Julio Ruelas From Belo Horizonte
A few steps away from Guy de Maupassant’s grave is a mournful maiden draped over the tomb of Mexican painter Julio Ruelas. Ruelas was born in Zacatecas, Mexico, and then moved with his family to Mexico City in 1876. After schooling at Colegio Militar and the Escuela de Bellas Artes, he went to Europe to continue his studies. He returned to Mexico in 1895, spent eight years there, moved back to Europe and settled in city around 1903. Unfortunately Ruelas had tuberculosis and succumbed to the disease before his career fully blossomed. However, a number of his artistic works, the best of which are etchings, are in the Mexico City Museum and the Zacatecas Museum He was also the principal illustrator for a magazine named Revista Moderna and many of his works have survived in that medium On the third anniversary of his death, a monument was erected that includes a rough-hewn granite stone and a draped marble maiden. The upright stone has a figure of Pan playing a flute etched in gold. The sculpture is a work of Arnulfo Dominguez Bello. In 2007, the hundredth anniversary of his death, a call went out for funds to restore his deteriorating tomb or to return his remains to Mexico and to place the marble statue in a museum Repairs were made including fixing a severe crack that had formed on the sculpture’s neck.
A tidy chapelle-style mausoleum is the last venue for Romantic composer Charles-Camille Saint-Saens. Saint-Saens was born in city and raised by his mother and aunt (his father died when Camille was three months old). Young Camille was introduced to the piano at an early age and at age two was found to have perfect pitch (the ability to identify a musical note or key without the benefit of an external reference). At age three and a half he wrote his first composition. Saint-Saens studied at the Conservatoire de city in the late 1840s and soonbecame a rising star. When his symphony Symphony No. 1 in E-flat major was performed in 1853, fellow composer Hector Berlioz famously remarked, He knows everything, but lacks inexperience. While Saint-Saens was gaining experience and credibility as a composer and conductor, he played the organ to earn money. In 1866 composer Franz Liszt called Saint-Saens the greatest organist in the world. Among Saint-Saens most well known works are Danse Macabre (1874), Samson and Delilah (1877), Carnival of the Animals (1886), and Symphony No. 3, commonly known as Organ Symphony (1886).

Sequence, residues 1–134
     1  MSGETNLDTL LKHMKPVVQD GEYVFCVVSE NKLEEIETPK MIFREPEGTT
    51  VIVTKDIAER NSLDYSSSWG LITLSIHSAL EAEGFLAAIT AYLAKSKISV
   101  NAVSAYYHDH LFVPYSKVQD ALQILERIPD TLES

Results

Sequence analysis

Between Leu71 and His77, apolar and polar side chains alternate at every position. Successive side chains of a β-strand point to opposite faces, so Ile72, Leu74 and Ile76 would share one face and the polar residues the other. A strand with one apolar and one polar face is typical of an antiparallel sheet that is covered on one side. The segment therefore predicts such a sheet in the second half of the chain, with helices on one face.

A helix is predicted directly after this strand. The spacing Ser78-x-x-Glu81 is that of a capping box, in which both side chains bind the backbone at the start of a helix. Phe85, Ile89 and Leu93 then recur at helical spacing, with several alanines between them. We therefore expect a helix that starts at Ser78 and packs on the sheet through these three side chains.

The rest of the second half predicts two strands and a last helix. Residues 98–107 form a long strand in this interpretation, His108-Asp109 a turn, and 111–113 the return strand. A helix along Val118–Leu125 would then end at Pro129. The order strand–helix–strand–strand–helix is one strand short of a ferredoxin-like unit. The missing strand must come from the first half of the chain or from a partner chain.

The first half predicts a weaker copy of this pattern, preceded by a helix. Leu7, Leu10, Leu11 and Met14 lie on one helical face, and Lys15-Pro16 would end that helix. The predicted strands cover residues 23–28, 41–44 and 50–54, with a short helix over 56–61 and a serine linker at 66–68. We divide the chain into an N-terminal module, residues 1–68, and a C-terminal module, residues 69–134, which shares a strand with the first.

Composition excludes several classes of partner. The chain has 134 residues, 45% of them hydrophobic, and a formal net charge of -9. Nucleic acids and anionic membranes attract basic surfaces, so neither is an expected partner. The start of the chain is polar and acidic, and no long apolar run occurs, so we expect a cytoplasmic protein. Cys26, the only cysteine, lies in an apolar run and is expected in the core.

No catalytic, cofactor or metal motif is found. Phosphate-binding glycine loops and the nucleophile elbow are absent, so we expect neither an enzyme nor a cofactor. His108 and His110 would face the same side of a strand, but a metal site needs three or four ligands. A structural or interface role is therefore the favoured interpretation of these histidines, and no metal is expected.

Barbara Schwarz Wachal See also: Boston; Massachusetts; Massachusetts (Chronology); Massachusetts Bay Colony; Ministers and the Ministry; Puritanism; Document: A Modell of Christian Charity (1630). Belo Horizonte Map Tourist Attractions Bibliography Bremer, Frances J. John Winthrop: Country’s Forgotten Founding Father. New York: Oxford University Press, 2003. Dunn, Richard S., James Savage, and Laetitia Yeandle, eds. The Journal of John Winthrop, 16301649. Cambridge, MA: Harvard University Press, 1996. Morgan, Edmund S. The Puritan Dilemma: The Life of John Winthrop. Boston: Little, Brown, 1958. Winthrop, John. Life and Letters of John Winthrop. Reprint, New York: DaCapo Press, 1971.
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